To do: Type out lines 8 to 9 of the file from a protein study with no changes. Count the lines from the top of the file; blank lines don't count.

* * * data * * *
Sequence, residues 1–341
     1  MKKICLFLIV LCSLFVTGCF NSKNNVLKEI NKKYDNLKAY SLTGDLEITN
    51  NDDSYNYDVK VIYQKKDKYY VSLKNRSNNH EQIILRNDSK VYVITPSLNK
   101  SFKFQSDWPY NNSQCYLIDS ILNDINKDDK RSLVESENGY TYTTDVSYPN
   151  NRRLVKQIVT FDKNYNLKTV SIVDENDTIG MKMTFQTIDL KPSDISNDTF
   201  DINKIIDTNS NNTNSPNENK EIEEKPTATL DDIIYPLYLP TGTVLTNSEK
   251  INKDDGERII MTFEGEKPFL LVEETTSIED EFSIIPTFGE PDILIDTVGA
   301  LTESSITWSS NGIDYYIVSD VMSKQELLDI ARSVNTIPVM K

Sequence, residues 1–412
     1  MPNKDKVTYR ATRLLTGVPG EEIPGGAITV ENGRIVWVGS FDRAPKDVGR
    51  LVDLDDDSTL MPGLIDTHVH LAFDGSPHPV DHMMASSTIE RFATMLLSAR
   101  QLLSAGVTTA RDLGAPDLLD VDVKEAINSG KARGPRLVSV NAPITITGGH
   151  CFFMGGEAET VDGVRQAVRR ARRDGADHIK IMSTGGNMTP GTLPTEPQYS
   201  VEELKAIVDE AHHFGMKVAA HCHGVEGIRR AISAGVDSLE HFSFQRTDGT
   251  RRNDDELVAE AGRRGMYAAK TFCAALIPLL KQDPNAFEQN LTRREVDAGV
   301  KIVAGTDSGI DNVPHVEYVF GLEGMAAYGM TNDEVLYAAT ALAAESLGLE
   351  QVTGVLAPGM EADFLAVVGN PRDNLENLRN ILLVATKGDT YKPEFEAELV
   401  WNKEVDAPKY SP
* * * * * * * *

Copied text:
   301  LTESSITWSS NGIDYYIVSD VMSKQELLDI ARSVNTIPVM K

Sequence, residues 1–412